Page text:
Every now and again I do a Google Search for my Granddad on my mother’s side, Ted Roocroft. I have very fond memories of my visits to his and Grandma Edna’s small holding in Cheshire as a boy, just south of Knutsford. Unfortunately he fell out with my mother and I stopped seeing him when I was about 8. As well as being my Granddad his chief claim to fame was that he was a Sculptor and a lecturer at Manchester Art School (now part of Manchester Met).
I’ve been aware of this film for some time, Manchester Met has it in their public archive. It’s by a film student and makes big about the fact that he’s an ex-pig farmer turned sculptor. Warning the quality is a bit iffy (since it was done a good 36 years ago) and there’s a bit of a meandering intro so my Grandad doesn’t start talking about his art until a good minute in.
What this film doesn’t tell you is about his career in the military Police at the end of WW2 in the British Zone in Berlin, the most of which he told my dad on a visit to the pub once, leaving him visibly shaken afterwards and would only repeat his quote “It’s amazing what someone would do for a cigarette”.
Or the fact that by this time this film was made he was a Senior Lecturer, a member of the Manchester Academy of Fine Arts (apparently the only sculptor at the time). He also makes big of the fact that he keeps most of his work, unless someone wants to buy it, in the film but neglects to mention that he also made casts of his work that his agent used to sell abroad. So between that and the day job (which was only four days – he had Friday off) he was comfortably off. He was crafty like that and liked to spin a yarn.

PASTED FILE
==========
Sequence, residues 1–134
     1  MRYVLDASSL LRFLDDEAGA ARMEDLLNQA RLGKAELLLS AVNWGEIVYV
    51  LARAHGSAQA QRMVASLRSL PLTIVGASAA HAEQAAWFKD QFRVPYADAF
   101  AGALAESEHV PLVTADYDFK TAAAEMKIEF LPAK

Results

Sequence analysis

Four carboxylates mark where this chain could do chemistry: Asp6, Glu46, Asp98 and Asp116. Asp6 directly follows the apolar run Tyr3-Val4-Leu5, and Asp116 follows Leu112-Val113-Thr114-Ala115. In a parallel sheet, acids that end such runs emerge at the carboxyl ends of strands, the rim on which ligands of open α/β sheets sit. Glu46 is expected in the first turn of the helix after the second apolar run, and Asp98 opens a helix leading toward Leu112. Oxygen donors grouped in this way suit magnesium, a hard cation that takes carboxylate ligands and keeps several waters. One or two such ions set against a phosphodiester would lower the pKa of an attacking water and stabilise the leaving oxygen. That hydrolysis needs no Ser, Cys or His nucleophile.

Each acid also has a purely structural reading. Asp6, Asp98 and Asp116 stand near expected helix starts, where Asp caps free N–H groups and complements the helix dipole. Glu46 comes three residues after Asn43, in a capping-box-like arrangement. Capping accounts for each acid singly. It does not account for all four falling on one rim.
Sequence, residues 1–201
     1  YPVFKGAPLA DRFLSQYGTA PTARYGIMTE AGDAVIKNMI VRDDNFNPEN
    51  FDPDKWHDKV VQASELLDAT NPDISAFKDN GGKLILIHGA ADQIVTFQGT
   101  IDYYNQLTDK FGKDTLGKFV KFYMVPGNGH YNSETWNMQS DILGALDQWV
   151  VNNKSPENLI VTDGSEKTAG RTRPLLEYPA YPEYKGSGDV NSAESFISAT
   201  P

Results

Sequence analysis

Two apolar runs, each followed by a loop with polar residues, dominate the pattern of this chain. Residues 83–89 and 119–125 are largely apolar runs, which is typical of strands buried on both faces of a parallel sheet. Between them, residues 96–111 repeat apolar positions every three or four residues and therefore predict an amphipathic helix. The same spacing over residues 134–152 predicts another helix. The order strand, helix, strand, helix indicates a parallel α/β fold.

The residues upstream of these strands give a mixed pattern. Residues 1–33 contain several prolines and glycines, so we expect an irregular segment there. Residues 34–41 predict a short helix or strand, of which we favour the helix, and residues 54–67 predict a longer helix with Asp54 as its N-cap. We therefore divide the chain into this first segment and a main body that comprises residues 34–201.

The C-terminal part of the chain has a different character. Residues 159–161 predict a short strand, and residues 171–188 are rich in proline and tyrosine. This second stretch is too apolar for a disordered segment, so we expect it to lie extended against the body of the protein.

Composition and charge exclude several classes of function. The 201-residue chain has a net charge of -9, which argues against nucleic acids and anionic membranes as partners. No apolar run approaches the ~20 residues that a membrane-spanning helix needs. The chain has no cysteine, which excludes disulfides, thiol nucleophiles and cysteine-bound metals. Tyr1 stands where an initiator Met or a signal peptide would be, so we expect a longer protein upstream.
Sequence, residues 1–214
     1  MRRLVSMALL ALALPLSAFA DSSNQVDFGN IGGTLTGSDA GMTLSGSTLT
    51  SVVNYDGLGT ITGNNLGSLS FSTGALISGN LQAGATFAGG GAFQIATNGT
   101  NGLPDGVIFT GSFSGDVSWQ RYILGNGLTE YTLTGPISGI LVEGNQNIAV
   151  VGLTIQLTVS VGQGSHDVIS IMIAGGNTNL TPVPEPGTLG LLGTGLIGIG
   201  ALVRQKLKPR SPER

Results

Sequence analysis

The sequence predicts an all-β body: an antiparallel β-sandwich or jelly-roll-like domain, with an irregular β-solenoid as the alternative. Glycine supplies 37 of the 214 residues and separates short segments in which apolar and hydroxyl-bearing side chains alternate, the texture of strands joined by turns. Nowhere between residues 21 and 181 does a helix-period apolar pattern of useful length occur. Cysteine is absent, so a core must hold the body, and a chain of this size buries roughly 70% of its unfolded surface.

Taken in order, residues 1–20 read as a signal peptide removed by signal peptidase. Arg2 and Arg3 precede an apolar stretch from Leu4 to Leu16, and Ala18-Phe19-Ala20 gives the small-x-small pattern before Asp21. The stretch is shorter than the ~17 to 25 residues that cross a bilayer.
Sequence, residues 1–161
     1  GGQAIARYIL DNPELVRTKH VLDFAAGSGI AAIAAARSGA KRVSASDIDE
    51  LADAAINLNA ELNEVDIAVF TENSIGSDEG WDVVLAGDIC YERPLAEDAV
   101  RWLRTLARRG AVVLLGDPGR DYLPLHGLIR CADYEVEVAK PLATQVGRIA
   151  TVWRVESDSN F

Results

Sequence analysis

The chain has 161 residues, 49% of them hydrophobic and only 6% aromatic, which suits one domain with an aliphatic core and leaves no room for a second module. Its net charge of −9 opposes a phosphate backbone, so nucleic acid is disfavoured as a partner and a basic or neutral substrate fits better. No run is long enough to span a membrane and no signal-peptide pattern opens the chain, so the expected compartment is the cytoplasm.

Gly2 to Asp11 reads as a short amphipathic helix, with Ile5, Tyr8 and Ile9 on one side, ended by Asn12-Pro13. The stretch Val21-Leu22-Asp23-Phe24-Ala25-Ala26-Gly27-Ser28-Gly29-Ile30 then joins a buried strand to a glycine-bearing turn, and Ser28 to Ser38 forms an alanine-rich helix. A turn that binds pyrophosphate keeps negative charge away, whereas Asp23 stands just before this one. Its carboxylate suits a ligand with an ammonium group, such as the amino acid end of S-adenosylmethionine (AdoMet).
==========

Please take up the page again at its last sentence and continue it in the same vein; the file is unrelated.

His tale of how him and Grandma came over from Ireland in a cowboy wagon and how he defeated a Giant and his pet sabre-tooth tiger to take possession of his small holding which he told me when I was knee-high is probably responsible for firing my imagination up and all the Roleplaying nonsense I’m into now. In fact the whole short film is a typical Ted Roocroft yarn 😉
It does mention his love of animals. I was quietly surprised to hear of his obsession with pigs (the pig farm was long gone by the time I knew him). He would regularly take me out to Chester Zoo, the Reptile house was always a highlight (and I’m glad even with the modernization I can still see the old tanks) and one of my more vivid memories of his work was of an elephant carved from a 6 foot oak trunk! He also took me to the Salford Museum and Art Gallery and the Victorian Street there has a magical place in my young memories.
Ted’s influence on my early life, through only a few short visits (at most we went twice a year for a couple of days), was huge. He’s definitely the strongest male role model from my immediate family, and while I’m aware of his flaws, he was a bit sexist ( there’s a very telling quote in the film which as a modern man made me wince) and could be quite over bearing, which is why my mum fell out with him, I miss him greatly.
(Although I do wonder what he would make about me being a vegetarian 😉 )